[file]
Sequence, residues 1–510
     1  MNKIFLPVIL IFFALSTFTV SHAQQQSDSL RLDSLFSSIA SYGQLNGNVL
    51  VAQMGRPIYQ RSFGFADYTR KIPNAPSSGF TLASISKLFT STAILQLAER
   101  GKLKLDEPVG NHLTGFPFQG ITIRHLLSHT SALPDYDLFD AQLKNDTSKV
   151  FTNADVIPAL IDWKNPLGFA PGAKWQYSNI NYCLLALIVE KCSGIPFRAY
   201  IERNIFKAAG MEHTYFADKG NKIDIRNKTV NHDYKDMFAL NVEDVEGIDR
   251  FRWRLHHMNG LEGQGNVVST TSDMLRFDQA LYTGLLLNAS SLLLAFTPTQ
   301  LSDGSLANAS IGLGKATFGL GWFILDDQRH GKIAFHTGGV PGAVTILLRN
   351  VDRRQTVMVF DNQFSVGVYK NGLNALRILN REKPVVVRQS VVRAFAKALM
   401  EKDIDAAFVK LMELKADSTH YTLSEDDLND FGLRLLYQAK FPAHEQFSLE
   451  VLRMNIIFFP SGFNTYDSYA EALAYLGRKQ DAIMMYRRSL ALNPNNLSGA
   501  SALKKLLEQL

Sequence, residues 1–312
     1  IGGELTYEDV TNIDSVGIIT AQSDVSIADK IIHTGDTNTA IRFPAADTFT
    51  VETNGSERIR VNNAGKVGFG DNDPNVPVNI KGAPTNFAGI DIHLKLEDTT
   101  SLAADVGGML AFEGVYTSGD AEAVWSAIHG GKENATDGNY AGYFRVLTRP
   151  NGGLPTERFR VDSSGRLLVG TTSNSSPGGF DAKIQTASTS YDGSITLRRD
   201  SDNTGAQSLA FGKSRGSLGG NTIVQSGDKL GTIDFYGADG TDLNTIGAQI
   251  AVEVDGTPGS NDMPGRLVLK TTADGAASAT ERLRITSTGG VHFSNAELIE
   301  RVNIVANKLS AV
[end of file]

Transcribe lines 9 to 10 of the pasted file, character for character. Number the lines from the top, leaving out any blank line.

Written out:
   351  VDRRQTVMVF DNQFSVGVYK NGLNALRILN REKPVVVRQS VVRAFAKALM
   401  EKDIDAAFVK LMELKADSTH YTLSEDDLND FGLRLLYQAK FPAHEQFSLE